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The Mayan calendar is a complex time keeping system. Keep reading for a greater understanding of this ancient calendar.
The Mayan calendar is an interconnected calendar system developed circa 2000 BC. Although used by several Central American cultures until the 15th century, it was closely associated with the Mayan civilization of pre-Columbian Mesoamerica, and is still observed by some modern Mayan communities today.
The Mayan calendar consists of three separate but corresponding timekeeping systems: The Long Count, The Tzolkin (or Divine Calendar), and The Haab (or Civil Calendar).
Let’s start with The Long Count.
An astronomical counter, the Long Count tracks what the Mayans called the Great Cycle. Each cycle encompasses around 5,126 years and consists of five distinct units:
The Gregorian date of March 17, 2015, for example, converts to 188.8.131.52.16. It is interpreted as follows:
This means that 1,872,816 days have passed since the last Great Cycle began.
The English anthropologist, Sir Eric Thompson, used the Spanish Inquisition as a source for Mayan-to-Gregorian date conversions. Major events during the Inquisition were recorded on both the Long Count calendar and the Gregorian calendar, so scholars compared matching dates from both systems to the Dresden Codex, a Mayan document that managed to survive the Inquisition.
The codex confirmed that the last Great Cycle began on August 13, 3114 BC, and its most recent baktun (144,000 day period) would end on December 21, 2012. Doomsday theorists predicted that an apocalypse would result, but Mayan natives and scholars scorned the idea, saying that the date would be a time of celebration instead, mainly because it coincided with Winter Solstice.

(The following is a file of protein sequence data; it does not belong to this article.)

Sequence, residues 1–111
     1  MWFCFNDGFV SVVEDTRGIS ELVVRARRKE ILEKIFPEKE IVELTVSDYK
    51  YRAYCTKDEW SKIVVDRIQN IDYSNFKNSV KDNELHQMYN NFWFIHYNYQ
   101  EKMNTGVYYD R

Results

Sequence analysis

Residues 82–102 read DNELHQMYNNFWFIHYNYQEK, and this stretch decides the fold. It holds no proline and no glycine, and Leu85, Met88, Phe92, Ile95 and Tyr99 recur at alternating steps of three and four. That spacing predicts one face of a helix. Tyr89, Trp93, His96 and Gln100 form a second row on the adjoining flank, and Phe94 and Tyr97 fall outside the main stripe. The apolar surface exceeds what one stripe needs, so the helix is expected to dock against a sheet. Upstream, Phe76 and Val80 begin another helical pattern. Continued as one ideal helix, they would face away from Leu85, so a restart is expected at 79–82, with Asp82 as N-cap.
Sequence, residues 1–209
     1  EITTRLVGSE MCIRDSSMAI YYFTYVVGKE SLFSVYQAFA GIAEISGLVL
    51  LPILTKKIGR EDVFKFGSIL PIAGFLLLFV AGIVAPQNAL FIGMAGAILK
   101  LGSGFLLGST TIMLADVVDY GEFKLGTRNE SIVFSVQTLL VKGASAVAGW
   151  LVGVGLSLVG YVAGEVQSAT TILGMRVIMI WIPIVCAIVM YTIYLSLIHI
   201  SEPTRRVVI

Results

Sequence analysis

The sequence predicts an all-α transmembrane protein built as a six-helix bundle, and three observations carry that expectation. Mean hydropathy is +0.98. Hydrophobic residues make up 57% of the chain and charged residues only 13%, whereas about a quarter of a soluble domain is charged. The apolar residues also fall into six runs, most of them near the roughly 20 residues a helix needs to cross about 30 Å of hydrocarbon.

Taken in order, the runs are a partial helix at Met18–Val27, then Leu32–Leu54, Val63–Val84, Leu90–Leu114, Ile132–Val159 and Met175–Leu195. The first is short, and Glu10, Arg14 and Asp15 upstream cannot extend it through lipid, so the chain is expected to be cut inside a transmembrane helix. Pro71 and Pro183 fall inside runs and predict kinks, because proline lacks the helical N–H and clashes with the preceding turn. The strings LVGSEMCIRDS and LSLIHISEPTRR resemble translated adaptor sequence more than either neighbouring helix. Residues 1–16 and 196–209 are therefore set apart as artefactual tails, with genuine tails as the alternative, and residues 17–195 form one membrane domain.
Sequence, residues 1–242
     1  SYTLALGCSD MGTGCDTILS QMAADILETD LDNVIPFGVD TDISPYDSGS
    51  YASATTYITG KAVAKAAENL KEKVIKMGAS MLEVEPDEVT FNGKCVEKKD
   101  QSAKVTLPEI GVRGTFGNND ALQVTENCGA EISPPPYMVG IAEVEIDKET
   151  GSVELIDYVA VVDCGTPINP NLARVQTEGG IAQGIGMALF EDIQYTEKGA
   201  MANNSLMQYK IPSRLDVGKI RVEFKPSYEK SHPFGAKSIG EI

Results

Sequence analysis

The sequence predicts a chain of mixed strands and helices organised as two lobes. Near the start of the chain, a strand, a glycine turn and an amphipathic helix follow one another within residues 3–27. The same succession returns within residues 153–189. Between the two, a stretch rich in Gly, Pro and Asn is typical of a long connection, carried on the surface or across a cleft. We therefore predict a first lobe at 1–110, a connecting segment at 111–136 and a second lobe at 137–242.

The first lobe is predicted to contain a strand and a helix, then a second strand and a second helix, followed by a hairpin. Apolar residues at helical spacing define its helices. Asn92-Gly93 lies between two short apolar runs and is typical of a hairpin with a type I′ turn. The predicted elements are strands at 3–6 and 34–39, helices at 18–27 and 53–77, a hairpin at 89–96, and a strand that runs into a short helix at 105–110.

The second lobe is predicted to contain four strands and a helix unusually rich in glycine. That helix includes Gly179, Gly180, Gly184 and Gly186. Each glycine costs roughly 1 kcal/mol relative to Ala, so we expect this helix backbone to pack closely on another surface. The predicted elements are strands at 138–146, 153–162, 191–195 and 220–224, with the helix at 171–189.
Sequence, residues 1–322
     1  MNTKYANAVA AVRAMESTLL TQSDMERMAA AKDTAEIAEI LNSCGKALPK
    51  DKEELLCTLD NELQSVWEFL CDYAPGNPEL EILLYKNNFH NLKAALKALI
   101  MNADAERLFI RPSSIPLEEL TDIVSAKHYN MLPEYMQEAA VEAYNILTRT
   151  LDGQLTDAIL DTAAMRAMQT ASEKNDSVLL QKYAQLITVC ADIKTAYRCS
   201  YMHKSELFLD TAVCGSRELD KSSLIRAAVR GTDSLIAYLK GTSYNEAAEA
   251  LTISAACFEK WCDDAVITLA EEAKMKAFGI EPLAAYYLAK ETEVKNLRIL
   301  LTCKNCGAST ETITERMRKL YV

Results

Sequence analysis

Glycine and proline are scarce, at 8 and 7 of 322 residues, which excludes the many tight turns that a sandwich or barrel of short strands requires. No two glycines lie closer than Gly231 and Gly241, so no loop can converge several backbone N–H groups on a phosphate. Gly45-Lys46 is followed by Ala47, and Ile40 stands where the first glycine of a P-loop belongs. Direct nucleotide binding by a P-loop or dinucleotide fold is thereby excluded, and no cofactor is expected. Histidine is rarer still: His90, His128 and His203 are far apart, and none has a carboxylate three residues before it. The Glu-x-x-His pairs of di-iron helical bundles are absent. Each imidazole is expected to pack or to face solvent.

The Tzolkin, whose name means ‘distribution of the days’ is also known as the Sacred Round or Divine Calendar. It consists of 260 days, which are broken down into 20 periods of 13 days each. Its purpose is to identify the time of ceremonial and religious events as well as for divination. After each cycle, the Tzolkin repeats itself.
It has been suggested that the 260-day total corresponds with the duration of a typical pregnancy. Another theory proposes that Tzolkin represents the amount of time needed to cultivate corn, a Mayan food staple. It’s more likely that it derives from Mayan reverence for the numbers 13 (the number of joints on the human body where they believed that illness and disease infiltrated) and 20 (the sum of a person’s fingers and toes).
A solar calendar consisting of 365 days, the Haab is divided into 18 months with 20 days each and a single 5-day-long month (Uayeb). The five days of Uayeb were dreaded, because it was believed that during this time, the divisions between the Underworld and the earthly realm disappeared, allowing evil spirits to wreak havoc. To ward off these hostile deities, the Mayan people followed special customs such as staying indoors and declining to wash or comb their hair.
Physical representations of the Haab have an outer ring of Mayan glyphs that represent all 19 months. Its accuracy is not perfect, as an actual solar year has 365.2422 days, a discrepancy that the Gregorian calendar corrects by making every fourth year a leap year.
A date in the Mayan calendar is specified by its position in both the Tzolkin and the Haab calendars, which create a joint cycle called the Calendar Round. This cycle, which takes approximately 52 years to accomplish, is represented by a pair of wheels rotating in different directions.
The smaller of the two wheels has 260 teeth, each one named for a day of the Tzolkin. There are 365 teeth on the larger wheel, each one named for a position of the Haab year. As the two wheels rotate, the Tzolkin day’s name corresponds to each Haab position. The actual date is determined by counting the number of days from the commencement of the new Long Count cycle.
In a typical Mayan date, the Long Count date comes first, followed by the Tzolkin and finally the Haab date. March 17, 2015 on the Gregorian calendar would be interpreted as 184.108.40.206.16 2 Kaban 10 Kumku , which breaks down as follows:
Contemporary Mayan farmers continue to observe the calendar and even use their knowledge of sun and star cycles to determine when rituals and ceremonies take place. The Mayan calendar is a piece of ancient history that remains relevant today.